Dec 29, 2012 4:30 PM
OWENSBORO, Ky. (AP) - The only teacher in Kentucky to be awarded a Milken Award in 2012 says he "loves" working with children.
Cravens Elementary School teacher Ryan Williams was one of 40 people across the nation to receive the honor, which "rewards exceptional educators" with a $25,000 gift.
Williams, a native of Henderson, began teaching in Owensboro Public Schools after graduating in 1999 from Western Kentucky University in Bowling Green. He taught first grade for 11 years, then moved to third grade. Currently, he is on temporary assignment as curriculum facilitator at Estes Elementary School.
"I try to engage the students every day, find something that interests them, something they can relate to," Williams said. "I love working with the kids at Cravens and Estes. I come to work every day with a smile on my face."
Jane Foley, senior vice president for the Milken Educator Awards, told the Messenger-Inquirer (http://bit.ly/V50u3M) that the organization looks for "unsung heroes" of the profession.
Williams says he became a teacher because he "wanted to make a difference."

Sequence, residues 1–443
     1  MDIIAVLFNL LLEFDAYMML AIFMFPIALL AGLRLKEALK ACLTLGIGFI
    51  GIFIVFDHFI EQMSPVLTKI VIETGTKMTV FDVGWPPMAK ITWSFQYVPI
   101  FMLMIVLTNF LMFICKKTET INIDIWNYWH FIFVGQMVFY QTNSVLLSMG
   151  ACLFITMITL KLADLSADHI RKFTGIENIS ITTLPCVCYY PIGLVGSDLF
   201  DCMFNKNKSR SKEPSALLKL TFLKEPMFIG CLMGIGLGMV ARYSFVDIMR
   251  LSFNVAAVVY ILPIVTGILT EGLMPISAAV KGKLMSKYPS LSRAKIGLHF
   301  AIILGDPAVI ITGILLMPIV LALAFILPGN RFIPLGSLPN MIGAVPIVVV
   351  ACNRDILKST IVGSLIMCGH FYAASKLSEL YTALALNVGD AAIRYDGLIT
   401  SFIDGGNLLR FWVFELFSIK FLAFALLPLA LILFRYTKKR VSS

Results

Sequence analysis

"I love being that positive, male role model so the kids can look up and say (to themselves), 'I can do things in this world,' " Williams said.
The Milken Family Foundation gives the awards each year to "reward, retain and attract the highest quality K-through-12 educators to the profession," according to the organization.
"We're looking for educators with innovative practices that are tied to student results," Foley said. "We're looking for educators who are leaders not only in the classroom, but leaders in the profession, and Mr. Williams is on committees at the school and on the district levels."
In addition to being a National Board Certified teacher with a master's degree, he is director of the Cravens iPad Academy and has served on Cravens' school-based decision-making council, has participated in the Owensboro Independent Academic Leadership program and is a member of the Owensboro Education Association, the Kentucky Education Association and the National Education Association.
"Ryan is one of those exceptional teachers who has an innovative, enthusiastic and nurturing spirit," Owensboro Public Schools Superintendent Larry Vick said. "He inspires his students to achieve at high levels and to believe in themselves."
Third-grade teacher Katy Harrison called Williams a mentor.
"He really helped me grow as we've embraced some new things at Cravens," she said. "We're teaching critical thinking where we, instead of giving students all the information, provide a safe environment for them to work with their peers in problem solving.
"We've run into situations where kids didn't know how to solve problems because (teachers) told them what to do. Now they're growing to be thinkers."
Information from: Owensboro Messenger-Inquirer, http://www.messenger-inquirer.com
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